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PostPosted: Sat Apr 08, 2017 2:13 pm 
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tpdavis473 wrote:
Surface water current? If the wind has sufficient speed, fetch and duration, you will get waves/chop. That will definitely slow you in a little light boat and provide opportunity for more leeway. Your other scenario when in protected waters has also eliminated fetch so you "shoot upwind".

Seriously, I don't think you need concern yourself about a surface water current causing leeway. :mrgreen: If it helps you, though, by all means, invent more reasons why you can't go to weather.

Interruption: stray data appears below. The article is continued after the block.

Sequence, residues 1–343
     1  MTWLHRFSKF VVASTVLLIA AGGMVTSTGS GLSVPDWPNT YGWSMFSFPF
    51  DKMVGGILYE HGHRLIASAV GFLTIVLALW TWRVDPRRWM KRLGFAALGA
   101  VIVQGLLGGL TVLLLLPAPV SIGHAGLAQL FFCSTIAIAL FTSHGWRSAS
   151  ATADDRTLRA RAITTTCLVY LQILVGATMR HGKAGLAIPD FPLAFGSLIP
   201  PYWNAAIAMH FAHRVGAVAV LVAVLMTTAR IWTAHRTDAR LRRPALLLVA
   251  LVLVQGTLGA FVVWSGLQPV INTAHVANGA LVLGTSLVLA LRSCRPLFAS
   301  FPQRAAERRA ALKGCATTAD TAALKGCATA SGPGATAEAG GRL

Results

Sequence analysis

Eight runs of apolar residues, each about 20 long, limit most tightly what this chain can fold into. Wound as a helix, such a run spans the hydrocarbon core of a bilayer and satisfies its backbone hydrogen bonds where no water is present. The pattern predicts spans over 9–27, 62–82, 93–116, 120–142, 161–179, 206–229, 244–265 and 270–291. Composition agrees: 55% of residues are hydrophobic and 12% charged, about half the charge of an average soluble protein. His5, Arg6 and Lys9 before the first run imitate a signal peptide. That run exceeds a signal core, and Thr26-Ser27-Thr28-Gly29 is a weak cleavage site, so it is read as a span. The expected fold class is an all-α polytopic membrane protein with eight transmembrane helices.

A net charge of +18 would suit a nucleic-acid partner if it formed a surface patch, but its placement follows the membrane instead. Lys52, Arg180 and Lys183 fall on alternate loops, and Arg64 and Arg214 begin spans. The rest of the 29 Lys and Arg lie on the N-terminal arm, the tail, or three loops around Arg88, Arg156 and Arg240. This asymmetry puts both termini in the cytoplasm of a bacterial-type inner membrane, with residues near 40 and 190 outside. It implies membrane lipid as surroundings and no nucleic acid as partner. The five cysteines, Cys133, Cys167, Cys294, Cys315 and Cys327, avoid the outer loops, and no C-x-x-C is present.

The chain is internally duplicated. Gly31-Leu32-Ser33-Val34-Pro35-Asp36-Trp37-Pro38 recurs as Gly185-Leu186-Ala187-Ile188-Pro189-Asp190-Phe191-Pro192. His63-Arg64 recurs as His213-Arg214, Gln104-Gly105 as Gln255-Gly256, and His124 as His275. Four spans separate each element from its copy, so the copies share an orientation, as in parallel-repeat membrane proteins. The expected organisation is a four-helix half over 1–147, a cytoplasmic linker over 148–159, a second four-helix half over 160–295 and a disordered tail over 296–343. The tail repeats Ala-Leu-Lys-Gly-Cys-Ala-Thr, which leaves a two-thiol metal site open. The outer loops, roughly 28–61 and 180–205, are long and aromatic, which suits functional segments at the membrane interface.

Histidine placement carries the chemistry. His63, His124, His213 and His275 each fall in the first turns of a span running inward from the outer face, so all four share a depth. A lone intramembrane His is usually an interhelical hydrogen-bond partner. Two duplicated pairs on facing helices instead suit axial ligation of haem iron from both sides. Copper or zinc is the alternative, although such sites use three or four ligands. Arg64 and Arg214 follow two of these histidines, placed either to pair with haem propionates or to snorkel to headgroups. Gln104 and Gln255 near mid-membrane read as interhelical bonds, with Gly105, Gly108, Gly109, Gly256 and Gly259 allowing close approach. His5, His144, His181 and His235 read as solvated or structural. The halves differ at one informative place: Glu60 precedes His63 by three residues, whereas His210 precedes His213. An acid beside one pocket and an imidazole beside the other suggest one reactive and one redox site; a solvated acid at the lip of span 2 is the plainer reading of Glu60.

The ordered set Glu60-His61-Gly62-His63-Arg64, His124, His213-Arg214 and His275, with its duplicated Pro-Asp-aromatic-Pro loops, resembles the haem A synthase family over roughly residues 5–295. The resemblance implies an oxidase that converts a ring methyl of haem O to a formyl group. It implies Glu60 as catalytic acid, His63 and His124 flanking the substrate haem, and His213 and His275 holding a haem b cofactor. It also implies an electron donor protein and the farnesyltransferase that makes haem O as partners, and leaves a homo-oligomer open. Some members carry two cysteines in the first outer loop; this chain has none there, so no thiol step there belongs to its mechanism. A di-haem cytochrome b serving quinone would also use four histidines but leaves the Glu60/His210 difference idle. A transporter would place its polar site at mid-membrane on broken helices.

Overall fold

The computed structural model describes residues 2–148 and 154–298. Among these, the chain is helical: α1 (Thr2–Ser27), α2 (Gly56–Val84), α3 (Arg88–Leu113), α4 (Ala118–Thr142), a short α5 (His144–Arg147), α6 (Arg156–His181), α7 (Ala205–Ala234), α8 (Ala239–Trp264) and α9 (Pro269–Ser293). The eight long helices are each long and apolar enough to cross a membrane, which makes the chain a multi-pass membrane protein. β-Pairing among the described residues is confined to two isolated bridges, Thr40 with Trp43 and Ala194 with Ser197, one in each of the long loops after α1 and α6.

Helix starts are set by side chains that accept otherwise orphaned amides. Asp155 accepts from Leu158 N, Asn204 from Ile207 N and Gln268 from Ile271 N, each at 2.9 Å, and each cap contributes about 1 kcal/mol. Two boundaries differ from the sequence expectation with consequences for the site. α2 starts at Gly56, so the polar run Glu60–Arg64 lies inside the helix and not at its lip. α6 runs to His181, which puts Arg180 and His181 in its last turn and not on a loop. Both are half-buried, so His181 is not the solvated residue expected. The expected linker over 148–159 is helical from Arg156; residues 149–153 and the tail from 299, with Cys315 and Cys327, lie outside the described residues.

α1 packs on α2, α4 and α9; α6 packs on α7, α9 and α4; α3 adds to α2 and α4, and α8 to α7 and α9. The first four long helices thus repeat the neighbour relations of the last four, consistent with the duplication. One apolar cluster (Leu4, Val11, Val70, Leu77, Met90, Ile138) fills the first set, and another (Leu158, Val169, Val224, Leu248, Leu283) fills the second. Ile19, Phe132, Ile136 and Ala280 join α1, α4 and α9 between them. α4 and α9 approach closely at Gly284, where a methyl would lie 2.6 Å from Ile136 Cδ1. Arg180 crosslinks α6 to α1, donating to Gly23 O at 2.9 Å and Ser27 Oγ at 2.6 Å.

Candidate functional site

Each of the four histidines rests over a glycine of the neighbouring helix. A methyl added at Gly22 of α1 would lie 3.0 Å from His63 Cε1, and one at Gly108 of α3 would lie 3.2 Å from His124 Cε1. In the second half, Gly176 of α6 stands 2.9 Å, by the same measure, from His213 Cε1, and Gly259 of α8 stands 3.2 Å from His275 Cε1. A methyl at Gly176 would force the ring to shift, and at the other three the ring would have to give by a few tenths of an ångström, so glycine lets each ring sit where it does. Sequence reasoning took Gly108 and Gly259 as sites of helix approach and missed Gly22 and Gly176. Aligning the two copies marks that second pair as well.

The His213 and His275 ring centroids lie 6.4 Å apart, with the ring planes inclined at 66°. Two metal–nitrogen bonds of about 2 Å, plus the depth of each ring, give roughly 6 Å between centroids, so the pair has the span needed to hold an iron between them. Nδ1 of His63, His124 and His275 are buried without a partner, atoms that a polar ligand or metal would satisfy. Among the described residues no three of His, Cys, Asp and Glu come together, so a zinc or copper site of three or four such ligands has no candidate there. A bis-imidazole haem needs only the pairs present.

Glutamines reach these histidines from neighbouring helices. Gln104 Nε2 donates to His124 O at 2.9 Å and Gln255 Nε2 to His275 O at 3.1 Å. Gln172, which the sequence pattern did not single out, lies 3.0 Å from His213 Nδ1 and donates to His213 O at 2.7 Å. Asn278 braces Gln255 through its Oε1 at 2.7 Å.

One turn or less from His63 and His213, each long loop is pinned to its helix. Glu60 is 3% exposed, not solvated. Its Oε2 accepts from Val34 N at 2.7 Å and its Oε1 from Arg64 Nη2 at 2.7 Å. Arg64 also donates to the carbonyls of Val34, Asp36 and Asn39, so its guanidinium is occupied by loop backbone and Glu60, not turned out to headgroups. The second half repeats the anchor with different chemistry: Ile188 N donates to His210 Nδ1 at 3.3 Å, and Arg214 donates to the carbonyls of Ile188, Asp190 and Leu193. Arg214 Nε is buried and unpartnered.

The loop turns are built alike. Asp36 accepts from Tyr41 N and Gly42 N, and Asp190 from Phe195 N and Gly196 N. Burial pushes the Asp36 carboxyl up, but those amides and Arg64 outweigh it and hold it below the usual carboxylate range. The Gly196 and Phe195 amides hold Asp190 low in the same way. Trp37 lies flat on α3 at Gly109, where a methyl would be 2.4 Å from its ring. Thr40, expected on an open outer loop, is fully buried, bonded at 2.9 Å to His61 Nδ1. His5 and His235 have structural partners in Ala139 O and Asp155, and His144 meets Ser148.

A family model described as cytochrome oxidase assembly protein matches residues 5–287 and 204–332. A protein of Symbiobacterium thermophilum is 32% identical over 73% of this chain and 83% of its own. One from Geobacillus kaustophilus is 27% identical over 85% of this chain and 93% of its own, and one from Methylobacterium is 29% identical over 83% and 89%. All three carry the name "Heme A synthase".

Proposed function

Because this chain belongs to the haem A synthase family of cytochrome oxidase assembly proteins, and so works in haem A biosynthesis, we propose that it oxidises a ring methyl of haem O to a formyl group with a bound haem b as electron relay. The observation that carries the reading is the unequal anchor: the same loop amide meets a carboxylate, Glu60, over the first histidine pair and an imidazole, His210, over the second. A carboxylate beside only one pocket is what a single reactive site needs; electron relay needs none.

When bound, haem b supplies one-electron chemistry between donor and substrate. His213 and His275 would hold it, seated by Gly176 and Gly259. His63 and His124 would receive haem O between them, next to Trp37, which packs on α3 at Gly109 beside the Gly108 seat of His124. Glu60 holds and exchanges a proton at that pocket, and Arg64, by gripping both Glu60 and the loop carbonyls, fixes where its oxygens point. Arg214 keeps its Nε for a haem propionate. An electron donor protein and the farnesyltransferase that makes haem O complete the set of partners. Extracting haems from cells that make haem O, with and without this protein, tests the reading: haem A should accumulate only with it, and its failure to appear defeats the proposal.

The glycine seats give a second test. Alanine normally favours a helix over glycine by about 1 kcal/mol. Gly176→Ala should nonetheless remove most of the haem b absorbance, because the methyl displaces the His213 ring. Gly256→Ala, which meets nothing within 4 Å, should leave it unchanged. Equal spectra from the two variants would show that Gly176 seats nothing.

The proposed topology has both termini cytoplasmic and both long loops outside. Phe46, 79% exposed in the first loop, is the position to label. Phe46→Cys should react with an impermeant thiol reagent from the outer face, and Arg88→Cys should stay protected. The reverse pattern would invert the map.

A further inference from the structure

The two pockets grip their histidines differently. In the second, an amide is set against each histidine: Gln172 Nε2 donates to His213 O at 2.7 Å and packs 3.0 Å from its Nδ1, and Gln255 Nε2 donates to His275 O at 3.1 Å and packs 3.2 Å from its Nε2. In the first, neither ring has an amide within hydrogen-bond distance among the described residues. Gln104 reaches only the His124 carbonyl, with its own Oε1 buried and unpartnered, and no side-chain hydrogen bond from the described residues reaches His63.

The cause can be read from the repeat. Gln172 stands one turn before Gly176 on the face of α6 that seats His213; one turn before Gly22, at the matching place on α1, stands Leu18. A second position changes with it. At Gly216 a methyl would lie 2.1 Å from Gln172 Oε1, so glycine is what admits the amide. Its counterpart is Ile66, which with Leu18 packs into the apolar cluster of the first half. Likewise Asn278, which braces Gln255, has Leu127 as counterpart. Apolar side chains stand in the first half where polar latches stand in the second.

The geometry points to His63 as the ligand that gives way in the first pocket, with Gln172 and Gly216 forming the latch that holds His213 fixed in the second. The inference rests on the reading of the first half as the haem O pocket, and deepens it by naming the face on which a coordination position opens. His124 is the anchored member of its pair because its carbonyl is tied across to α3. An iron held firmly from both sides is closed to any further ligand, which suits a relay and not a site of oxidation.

Here's what the widely acclaimed god of boat design, Philip Bolger, said on p 36 of "Boats with an Open Mind":

Quote:
Keels like this hold on to windward quite well unless the wind has blown hard enough and long enough, over a big stretch of water, to start the surface water drifting.

Over and over he makes this point about shallow keels, which isn't controversial among boat designers I encountered in a forum where my admiration for a beachable twin shallow keel boat was laughed at as something that would sail backwards in above conditions (compared to a thin deep keel).

You talk about waves and chop doing this, but I factored that out of my experiment. My long thin daggerboard boat could easily pull away from an eternally wind lashed deepwater beach with 2000 mile fetch, while my other boat with equal fin area (2 half length fins) couldn't. More than that the problem boat could point well enough, but I realize you have to look at wake to see your real progress. The huge red flag was the wake showed a nice angle upwind but never made progress! It handled wave push fine, but the wake (and fins) was being pushed by a surface current.